Thursday, May 31, 2018

Three Signposts

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     Also, don't forget, at the very bottom of this page I offer links to a number of retirement resources, including the Center for Retirement Research, The New Old Age, the Stanford Center on Longevity, and many more.

     Anyway . . . back to the Oregon Trail. After the pioneers had traveled over the prairie for 30 or 40 days, they started looking for signposts that signaled they were making progress. We'd traveled a little more than 500 miles when we saw the first of them: Courthouse rock, along with its smaller companion Jailhouse rock.


     A little farther down the road came the even more recognizable Chimney rock.


     And then Scott's Bluff, below on the right. Mitchell Pass runs through Scott's Bluff and South Bluff, on the left.

   
     We were able to drive up to the top of Scott's Bluff and walk around the summit. Just stay on the path, we were told, and watch out for rattlesnakes. We saw no rattlesnakes, but got a great view of Mitchell Pass from on high.


      After passing Scott's Bluff we soon crossed the line into Wyoming, where we were booked into Fort Laramie Bed & Breakfast.


      Little did we know that the Fort Laramie B&B is actually a 10,000-acre cattle ranch. We could have stayed in the teepee if we'd wanted . . .


     But instead we chose the main building, with the bedroom in the back.


    We experienced our first rainy day of the trip, and we sat around and read our books. After it cleared up the proprietor took us on a tour, explaining that around these parts a 10,000-acre ranch isn't really that big. You need at least 15,000 acres to run enough cattle to support a family.

    Then the next day, as we looked at the view out our front door, we realized we needed to continue heading west . . .


10 comments:

Celia said...

Beautiful out that door. I can't imagine how it must have felt to see that and know you had to drag the wagon and family out there into that distance.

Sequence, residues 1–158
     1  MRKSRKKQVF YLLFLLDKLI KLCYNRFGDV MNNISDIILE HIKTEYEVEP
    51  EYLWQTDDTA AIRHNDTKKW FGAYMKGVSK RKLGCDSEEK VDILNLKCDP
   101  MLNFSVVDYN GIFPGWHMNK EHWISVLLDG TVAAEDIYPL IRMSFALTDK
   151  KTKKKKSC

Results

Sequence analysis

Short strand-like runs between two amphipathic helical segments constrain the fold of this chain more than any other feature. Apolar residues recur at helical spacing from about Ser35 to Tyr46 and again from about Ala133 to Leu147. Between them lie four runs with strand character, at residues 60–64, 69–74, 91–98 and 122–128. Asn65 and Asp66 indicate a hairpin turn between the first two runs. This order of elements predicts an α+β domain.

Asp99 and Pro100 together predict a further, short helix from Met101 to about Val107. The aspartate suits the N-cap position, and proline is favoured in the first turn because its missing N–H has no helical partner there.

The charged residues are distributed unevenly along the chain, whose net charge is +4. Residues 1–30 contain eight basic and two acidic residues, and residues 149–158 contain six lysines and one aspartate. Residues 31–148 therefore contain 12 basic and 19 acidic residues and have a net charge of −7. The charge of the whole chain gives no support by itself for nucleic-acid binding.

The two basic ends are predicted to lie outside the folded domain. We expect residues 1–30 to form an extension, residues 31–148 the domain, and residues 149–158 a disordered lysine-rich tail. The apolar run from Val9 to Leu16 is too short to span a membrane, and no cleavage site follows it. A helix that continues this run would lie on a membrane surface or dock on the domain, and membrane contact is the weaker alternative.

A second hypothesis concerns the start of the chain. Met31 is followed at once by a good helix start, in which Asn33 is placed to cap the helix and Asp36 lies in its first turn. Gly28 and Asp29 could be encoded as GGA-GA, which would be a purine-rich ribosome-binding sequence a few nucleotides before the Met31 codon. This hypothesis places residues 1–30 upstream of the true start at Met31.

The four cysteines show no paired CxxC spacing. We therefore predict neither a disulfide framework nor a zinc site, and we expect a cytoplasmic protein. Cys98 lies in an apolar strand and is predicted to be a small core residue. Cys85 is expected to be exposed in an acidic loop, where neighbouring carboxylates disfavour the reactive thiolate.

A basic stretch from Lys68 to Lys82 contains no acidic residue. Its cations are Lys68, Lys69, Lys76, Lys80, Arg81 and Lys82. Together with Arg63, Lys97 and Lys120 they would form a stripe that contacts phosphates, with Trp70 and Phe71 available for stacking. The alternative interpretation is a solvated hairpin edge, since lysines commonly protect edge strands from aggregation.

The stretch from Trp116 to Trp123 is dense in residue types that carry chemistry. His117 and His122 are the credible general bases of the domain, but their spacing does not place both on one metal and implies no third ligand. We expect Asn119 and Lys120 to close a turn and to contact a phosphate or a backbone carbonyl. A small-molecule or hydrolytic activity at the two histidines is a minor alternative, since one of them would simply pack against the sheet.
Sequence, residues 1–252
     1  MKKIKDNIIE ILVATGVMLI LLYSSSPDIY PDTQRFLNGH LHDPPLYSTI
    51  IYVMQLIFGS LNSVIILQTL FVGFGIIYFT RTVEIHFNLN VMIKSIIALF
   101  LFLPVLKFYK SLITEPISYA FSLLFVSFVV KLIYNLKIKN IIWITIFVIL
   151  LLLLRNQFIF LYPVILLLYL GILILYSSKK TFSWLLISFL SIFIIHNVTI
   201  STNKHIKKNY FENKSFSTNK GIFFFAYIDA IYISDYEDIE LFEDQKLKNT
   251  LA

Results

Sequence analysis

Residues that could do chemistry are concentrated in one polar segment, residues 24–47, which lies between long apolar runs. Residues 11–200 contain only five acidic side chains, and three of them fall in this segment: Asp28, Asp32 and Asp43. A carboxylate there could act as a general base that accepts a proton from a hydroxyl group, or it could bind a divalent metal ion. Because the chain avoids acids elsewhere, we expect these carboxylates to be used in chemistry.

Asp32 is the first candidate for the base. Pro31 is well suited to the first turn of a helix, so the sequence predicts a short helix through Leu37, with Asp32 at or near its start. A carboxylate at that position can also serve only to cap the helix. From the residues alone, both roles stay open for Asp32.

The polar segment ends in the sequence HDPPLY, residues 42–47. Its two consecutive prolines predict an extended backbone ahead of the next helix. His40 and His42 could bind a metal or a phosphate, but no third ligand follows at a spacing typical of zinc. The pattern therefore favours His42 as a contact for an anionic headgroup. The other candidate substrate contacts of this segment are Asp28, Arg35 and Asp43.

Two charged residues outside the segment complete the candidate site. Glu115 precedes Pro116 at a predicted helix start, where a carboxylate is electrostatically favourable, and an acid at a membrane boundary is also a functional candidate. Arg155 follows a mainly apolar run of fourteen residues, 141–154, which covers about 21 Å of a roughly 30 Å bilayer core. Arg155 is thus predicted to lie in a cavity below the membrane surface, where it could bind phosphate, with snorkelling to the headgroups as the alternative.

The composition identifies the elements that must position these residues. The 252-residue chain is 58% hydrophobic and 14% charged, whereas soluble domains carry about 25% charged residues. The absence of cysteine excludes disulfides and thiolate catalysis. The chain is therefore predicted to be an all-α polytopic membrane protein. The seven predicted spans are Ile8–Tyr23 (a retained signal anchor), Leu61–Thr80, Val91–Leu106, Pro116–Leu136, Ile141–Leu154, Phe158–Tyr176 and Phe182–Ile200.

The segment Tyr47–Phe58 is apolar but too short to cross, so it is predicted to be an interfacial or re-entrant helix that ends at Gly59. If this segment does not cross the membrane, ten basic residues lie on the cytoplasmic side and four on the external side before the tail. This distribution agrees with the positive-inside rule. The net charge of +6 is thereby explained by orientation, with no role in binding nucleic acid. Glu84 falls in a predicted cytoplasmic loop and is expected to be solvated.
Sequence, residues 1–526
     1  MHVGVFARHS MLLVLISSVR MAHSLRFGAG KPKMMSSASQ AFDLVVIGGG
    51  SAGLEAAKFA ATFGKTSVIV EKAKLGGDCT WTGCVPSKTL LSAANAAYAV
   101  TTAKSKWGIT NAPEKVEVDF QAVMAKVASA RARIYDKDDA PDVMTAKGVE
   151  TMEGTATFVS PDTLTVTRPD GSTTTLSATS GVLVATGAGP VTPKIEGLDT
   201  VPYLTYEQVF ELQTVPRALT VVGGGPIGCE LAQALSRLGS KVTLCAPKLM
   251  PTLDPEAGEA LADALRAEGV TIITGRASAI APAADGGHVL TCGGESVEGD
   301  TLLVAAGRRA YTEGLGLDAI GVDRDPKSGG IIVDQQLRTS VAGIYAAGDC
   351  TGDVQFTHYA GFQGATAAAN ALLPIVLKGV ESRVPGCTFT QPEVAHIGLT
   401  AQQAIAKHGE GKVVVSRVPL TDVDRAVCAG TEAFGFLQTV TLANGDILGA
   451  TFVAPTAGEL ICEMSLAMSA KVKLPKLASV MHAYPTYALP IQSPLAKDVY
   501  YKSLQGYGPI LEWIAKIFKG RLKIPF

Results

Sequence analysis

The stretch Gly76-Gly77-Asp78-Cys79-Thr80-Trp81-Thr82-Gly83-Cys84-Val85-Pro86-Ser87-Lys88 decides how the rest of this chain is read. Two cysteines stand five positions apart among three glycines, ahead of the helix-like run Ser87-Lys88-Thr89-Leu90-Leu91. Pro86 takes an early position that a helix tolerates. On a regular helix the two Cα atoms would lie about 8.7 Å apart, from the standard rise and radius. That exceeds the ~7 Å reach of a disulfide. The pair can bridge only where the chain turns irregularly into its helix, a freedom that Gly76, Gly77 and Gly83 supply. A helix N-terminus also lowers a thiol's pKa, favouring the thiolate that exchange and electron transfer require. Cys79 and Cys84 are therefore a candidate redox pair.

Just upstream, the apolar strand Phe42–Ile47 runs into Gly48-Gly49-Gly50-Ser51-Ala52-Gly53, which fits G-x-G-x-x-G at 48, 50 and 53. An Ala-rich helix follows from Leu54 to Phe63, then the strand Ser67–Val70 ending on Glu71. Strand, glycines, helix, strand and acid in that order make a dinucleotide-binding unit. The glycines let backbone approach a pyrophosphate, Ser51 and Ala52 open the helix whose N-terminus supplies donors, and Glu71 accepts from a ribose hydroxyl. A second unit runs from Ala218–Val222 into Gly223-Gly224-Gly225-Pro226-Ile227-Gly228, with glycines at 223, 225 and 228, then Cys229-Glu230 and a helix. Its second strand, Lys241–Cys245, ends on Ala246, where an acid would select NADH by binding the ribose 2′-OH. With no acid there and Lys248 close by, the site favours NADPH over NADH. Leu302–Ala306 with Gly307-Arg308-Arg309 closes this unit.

slugmama said...

Hey! Hubs and I stayed there last July on our epic journey to Idaho. We DID opt to stay in the teepee on the hottest day of the year so far there, 103F. lolz

Anonymous said...

500 miles is a short hop by car, but imagine doing it by covered wagon! There have been so many movies made and books written, but it's impossible, I would think, to capture the exact mood and feelings of those travelers. That so many made it to begin a new life is a miracle.

DJan said...

Wow! I am enjoying your excursion and your descriptions. Just thinking about what it must have been like back then... :-)

retirementreflections said...

Hi, Tom - I am enjoying exploring the Oregon Trail (virtually) through your posts. Last year, on the Camino Trail, Richard and I also had the chance to sleep in a Teepee at one of the locations. We too gave it a miss. Were you remotely tempted to sleep there?

Tom Sightings said...

It's true that traveling by car you only get a taste of what their experience must have really been like. But ... you do get a taste of it. And I would have done the teepee 20 years ago. But no longer.

gigi-hawaii said...

It's nice to travel your way. Interesting journey so far.

David @ iretiredyoung said...

Reading your post and some of the comments, I feel that someone has to take on the teepee challenge. I wonder who it will be?

Barbara said...

Love the pictures. Can you even imagine what it must have been like in a wagon. If a bumpy hayride is anything similar I would have lasted from the front gate to the back gate only.

Snowbrush said...

I wonder how the ranch owner would have felt about vegetarian guests. I had a friend who had a rancher relative who wrote a book about Oregon history that I had read, and I told my friend that next time she visited her relative, I would love to go, and she said that my vegetarianism would be a problem for people who made their living raising beef cattle. It's not that I would have talked about the evils of meat, but simply the fact that I would refuse to eat their meat.